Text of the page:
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The neutrals displayed further ingenuity in putting forward their case. In the voluminous correspondence which followed each seizure of their ships the real question in dispute-whether ships' timber was contraband-was hardly, if at all, mentioned. To assert the

inviolability of the neutral flag, and complain of the insult" involved in visit and search, was therefore to assume a dispute to be settled which was not settled. The same flag hoisted on a warship did not improve the position. But the presence of the warships led to firing, and compelled England, in her turn, to complain of forcible resistance to the search. Thus there was also an "insult" to the English flag. It had been fired on when peace existed between the two countries. Each country, therefore, demanded apology and reparation from the other.

It will be useful to quote a caustic remark upon the convoy question by M. de Martens, the impartial and dispassionate collector of of diplomatic documents. Alluding to the decrees of the Directory issued in 1798, referred to in the last chapter, he says':

"However revolting these decrees, they were tolerated by the Northern Powers; at least no alliance was formed to resist them. But they sufficed for Denmark and Sweden to increase the number of these convoys, even in the seas in which they had not done so before, and where they had less to fear from France than England. Measures legitimate in themselves, but which had never been regarded with favour by belligerents." England contended that "the right to visit merchantmen at sea is an incontestable right of a nation at war. Resistance to a friendly warship must be construed as an act of hostility."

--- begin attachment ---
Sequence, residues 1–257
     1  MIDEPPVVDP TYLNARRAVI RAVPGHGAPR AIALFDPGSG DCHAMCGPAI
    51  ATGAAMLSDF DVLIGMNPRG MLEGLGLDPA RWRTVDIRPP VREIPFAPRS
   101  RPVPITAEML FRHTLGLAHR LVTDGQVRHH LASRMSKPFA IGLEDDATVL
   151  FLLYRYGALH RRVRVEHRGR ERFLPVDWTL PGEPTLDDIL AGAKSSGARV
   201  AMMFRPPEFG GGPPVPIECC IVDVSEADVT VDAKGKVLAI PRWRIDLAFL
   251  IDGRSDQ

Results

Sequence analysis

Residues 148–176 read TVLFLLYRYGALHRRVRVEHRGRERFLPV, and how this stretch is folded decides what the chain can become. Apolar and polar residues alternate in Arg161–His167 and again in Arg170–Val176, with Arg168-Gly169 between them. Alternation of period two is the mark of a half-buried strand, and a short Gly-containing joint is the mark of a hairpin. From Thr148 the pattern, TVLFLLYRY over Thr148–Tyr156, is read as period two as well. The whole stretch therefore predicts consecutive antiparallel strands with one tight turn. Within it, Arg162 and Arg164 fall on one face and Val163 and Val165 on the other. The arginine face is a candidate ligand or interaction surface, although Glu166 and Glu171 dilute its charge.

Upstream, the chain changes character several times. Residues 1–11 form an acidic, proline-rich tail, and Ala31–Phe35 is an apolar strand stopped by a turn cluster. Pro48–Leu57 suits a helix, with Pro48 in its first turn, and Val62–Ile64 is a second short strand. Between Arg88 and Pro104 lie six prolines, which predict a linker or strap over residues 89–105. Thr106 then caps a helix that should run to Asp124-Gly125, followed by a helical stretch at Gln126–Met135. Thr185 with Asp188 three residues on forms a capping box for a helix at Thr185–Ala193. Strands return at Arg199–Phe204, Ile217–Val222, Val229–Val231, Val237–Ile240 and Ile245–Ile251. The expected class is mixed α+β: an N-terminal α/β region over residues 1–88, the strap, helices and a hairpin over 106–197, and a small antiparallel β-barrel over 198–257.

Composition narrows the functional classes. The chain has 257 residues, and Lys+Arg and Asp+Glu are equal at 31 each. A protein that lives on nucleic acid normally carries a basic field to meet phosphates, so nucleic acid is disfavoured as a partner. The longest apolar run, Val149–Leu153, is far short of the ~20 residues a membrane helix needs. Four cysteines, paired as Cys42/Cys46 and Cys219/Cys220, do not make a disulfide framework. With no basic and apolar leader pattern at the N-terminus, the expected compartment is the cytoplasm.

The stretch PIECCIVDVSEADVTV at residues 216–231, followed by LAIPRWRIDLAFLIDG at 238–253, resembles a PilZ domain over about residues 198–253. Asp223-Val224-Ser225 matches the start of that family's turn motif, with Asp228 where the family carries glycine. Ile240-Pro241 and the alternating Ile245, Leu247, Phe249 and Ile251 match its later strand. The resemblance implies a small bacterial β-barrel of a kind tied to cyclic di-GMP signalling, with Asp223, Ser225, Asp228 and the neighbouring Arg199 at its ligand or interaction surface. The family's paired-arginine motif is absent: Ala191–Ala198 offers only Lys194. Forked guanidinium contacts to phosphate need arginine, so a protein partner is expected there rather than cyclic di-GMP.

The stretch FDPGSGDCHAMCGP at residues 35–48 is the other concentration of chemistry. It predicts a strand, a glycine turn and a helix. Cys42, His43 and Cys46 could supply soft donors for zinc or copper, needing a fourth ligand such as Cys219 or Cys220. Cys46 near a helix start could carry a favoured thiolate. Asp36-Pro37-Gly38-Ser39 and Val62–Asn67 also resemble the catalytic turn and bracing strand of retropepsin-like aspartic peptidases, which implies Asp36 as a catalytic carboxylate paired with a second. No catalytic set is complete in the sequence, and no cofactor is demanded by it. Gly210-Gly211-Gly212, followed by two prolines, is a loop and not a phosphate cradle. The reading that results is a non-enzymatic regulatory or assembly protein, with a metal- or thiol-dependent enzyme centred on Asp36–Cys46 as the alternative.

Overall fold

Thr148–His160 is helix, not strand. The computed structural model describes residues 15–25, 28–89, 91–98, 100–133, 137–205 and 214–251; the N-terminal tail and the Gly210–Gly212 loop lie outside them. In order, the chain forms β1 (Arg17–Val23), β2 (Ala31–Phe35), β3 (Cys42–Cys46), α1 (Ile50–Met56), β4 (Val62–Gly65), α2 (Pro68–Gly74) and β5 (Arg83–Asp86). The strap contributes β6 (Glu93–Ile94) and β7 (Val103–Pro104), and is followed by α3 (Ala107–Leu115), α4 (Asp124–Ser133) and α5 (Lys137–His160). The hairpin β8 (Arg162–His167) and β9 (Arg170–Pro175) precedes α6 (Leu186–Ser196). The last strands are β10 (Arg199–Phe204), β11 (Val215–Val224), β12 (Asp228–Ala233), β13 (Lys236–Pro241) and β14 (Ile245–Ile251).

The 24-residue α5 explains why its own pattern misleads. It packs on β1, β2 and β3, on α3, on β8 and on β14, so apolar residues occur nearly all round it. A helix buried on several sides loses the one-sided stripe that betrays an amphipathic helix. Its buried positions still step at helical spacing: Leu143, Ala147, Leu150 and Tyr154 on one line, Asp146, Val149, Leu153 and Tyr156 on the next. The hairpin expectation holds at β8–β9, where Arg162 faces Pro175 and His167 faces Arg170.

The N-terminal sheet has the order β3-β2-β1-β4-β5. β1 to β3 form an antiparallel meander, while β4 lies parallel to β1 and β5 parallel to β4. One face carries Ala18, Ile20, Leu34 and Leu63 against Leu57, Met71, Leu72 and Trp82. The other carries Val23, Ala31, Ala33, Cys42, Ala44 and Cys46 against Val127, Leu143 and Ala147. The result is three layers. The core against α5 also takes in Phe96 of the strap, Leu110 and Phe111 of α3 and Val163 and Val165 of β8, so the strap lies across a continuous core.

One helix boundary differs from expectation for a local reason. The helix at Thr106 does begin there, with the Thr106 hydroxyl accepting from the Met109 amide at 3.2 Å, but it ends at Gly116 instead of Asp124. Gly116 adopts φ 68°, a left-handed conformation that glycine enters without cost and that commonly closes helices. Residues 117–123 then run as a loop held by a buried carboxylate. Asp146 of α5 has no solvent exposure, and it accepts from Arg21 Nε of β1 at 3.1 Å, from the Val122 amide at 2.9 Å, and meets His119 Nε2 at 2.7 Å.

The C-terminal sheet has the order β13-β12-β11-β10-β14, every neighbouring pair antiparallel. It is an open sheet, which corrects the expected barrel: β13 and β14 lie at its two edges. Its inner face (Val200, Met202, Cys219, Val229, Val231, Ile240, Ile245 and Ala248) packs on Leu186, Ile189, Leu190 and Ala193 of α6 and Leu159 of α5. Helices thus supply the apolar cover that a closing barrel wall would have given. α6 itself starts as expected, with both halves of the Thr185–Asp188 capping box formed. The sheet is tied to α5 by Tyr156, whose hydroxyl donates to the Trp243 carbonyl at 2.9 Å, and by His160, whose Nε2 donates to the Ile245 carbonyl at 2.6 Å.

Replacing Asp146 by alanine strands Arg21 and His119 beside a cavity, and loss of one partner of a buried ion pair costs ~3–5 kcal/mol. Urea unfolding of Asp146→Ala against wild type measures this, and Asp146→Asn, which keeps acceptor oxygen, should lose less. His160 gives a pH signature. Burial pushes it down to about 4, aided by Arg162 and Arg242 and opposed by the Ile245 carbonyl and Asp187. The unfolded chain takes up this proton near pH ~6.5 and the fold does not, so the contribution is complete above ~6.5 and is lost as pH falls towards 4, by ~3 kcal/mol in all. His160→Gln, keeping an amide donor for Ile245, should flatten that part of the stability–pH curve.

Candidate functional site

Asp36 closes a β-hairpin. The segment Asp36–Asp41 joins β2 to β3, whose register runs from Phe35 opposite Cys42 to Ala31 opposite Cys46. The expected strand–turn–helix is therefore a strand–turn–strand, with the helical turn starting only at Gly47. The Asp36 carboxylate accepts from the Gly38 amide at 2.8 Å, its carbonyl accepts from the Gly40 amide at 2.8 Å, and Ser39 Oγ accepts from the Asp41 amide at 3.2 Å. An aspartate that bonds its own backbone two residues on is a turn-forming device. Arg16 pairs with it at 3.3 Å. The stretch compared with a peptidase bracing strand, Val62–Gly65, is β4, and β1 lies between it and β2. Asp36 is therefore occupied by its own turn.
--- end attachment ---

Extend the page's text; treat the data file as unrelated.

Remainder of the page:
The Danish contention (case of the Havfruen) may be thus summarized: The right of visit is recognized by custom and treaties; it is not a natural, but a purely conventional right; and right; and it cannot be extended arbitrarily beyond what has been agreed or accorded. No Power has ever admitted the right to visit ships under escort; they could not do so sans dégrader leurs pavillons, et sans renoncer à une partie essentielle de leurs propres droits." Far from acquiescing in this hitherto unknown pretension, the majority of the

1 Martens, Recueil, Supplement II, p. 346.

2 The documents now to be referred to are printed in Piggott and Omond, Documentary History of the Armed Neutralities, Part II.

neutral Powers have thought it right to enunciate the opposite principle in their conventions with the most respectable Courts in Europe. The distinction made. between convoyed and non-convoyed ships is as just as it is natural. The right of visit in respect of nonconvoyed ships is limited to verification of their flags and examination of their papers, in order to establish their neutrality, and the regularity of their bills of lading. If these are in order, further visit is illegal. Thus the authority of the Government which issues them ensures the requisite security for belligerents. When that Government convoys its merchantmen, it offers to belligerents a more authentic guarantee than is afforded by the papers, and it cannot consistently with its honour admit of doubts and suspicions, injurious to itself and unjust on the part of those who raise them.